How to Avoid 7 Money Scams


How to Avoid 7 Money Scams. Even the most careful consumer can become
the victim of a scam. Learn what to look for and avoid being duped
out of your dough. You will need Caution Skepticism Contracts
Paperless rebates Budget Warranties and credit card. Step 1. Beware of travel discount clubs — especially
if there’s an in-person sales pitch. Travel clubs often boast tremendous savings,
but consumers can often get better deals on their own, saving membership fees. Club contracts often contain hidden fees and
gimmicks that work to the disadvantage of the member. Consumers have filed thousands of complaints
about travel clubs with the Better Business Bureau. Step 2. Avoid cellphone replacement insurance unless
you carefully read and understand the contract and find that it suits your needs. Many contracts stipulate that they need send
only a “comparable” phone — which may be a different model that is incompatible with
your accessories or a refurbished phone of questionable quality. Step 3. Be careful of mail-in rebates, which often
feature multiple requirements that must be completed perfectly in order for the consumer
to qualify for the rebate. Shop around for comparable deals before committing
to a mail-in rebate, or commit only to paperless rebates that can be tracked online. Step 4. Don’t be taken in by pet health insurance
offers. Coverage is often limited, loaded with exclusions,
and many don’t even cover vaccinations. If you factor the cost of routine care for
your pet into your budget and reserve an extra few hundred dollars for emergencies, you’ll
likely end up paying less than the insurance policy. Routine care costs for a dog are about $453
a year and about $363 for a cat. Step 5. Consider passing on extended warranty offers. Many companies send notices disguised as legitimate
warranties when the product’s initial warranty hasn’t expired yet. And, even if the extension is legitimate,
it’s often unnecessary — retailers can profit as much as 80 percent on an extended warranty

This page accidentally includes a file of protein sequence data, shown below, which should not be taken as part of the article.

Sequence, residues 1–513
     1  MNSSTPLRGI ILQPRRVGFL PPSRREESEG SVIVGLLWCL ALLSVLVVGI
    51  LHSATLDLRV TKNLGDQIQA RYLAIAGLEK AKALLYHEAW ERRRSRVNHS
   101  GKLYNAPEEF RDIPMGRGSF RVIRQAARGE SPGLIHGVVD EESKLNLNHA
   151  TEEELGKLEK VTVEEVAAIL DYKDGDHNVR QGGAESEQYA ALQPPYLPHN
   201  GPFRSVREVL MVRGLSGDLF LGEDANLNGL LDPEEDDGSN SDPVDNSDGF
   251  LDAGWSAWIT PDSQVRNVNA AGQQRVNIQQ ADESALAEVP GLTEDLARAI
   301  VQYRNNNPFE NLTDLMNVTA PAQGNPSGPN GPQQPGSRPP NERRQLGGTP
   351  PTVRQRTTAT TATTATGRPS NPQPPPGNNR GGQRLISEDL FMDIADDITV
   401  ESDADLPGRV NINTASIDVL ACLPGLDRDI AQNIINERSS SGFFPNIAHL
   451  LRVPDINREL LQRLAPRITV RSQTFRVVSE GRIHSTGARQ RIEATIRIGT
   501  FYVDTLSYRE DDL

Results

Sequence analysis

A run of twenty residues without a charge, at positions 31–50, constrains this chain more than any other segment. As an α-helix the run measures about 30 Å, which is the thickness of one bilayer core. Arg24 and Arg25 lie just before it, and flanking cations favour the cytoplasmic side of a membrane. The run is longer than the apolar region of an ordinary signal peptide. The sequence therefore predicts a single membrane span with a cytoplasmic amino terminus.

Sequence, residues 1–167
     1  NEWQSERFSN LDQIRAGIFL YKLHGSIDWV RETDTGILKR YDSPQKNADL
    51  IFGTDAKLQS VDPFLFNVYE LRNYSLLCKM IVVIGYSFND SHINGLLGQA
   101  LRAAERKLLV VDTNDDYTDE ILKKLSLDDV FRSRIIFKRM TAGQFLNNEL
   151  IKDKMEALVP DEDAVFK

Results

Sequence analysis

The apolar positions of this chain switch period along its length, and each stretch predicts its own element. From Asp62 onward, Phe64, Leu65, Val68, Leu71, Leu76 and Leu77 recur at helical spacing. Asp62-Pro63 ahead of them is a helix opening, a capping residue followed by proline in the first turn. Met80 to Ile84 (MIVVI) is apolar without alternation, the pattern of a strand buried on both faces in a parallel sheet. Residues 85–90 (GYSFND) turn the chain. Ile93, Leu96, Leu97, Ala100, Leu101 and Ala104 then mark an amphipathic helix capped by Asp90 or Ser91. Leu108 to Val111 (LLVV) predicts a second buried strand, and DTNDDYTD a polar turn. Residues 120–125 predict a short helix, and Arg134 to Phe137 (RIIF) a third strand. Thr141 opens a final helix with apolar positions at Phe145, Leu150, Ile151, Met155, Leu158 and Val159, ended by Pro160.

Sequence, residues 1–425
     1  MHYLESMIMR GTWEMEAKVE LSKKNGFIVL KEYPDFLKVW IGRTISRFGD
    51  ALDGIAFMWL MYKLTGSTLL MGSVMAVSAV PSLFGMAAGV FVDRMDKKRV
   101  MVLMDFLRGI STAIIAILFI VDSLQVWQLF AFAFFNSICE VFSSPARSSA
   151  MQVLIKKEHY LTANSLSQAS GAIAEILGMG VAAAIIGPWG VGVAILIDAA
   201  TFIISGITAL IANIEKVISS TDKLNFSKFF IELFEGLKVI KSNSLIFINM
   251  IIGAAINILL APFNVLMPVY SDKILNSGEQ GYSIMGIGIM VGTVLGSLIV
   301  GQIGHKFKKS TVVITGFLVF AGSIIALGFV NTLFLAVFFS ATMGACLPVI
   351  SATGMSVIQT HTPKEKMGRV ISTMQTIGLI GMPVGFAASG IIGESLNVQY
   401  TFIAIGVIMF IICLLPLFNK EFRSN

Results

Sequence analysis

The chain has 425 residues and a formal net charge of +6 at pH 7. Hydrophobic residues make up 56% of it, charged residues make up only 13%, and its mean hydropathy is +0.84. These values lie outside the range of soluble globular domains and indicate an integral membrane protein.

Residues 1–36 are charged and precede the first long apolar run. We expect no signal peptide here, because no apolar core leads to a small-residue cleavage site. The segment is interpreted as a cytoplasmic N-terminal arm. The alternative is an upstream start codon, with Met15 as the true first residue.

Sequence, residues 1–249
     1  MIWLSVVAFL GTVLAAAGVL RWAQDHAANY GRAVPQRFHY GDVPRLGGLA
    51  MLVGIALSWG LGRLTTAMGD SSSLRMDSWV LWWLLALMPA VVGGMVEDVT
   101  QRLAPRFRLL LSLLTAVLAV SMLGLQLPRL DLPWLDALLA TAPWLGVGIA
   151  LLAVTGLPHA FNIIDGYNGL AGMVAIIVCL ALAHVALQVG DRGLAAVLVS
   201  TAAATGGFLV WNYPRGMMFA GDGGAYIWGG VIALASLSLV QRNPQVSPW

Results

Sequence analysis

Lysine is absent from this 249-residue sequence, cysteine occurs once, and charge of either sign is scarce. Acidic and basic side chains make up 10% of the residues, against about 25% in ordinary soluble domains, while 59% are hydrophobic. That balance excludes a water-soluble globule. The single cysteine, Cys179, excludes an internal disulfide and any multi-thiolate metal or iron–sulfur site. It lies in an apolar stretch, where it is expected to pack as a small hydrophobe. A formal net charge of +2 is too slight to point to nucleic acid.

contract. Step 6. Steer clear of rent-to-own merchandise. The interest rate on rent-to-own products
can add up to well over 100 percent, and you will have been better off buying the merchandise
outright. Plus, if you miss a payment, the merchandise
can be repossessed and you’ll be out the product as well as the money you’ve already paid. Step 7. Don’t get trapped in a “payday loan” cycle. The interest rate on a payday loan can be
as much as 500 percent, so you’re better off taking an advance on a credit card with a
much lower interest rate. If you are taken in by a scam, send a written
complaint to the company, dispute the credit card charges, or take them to court. Did you know In 2008, Bernie Madoff scammed
investors out of $50 billion in a Ponzi scheme.

9 comments on “How to Avoid 7 Money Scams”

  1. Mariah Etten says:

    OR, OR, OR, get neww ideas ya lil fuck.

  2. Diogo says:

    @MrKhody It's you

  3. Farith Pherrorith says:

    Be White Collar Gang for more info…and you will not have a problem about money scams… 😀

  4. shugaze says:

    2:39 its bugsy!!! 

  5. Arthur Withheld says:

    2:50 alright, next Howcast video, how to start a Ponzi scheme.

  6. chunky1x says:

    How to make money scams.

  7. Jitxy says:

    2.40 he had to have drugs for that

  8. Kathy Still says:

    This really works I have proof.
    OneX is a company that's preparing for the transition to silver/gold. And it only takes $5.00 one time to get the ball rollin'!!! Check it out and holla back at me. Thx, klstill

  9. bill miller says:

    Avoid Randy Clouse of Artisan Exteriors in Texas, scam artist.

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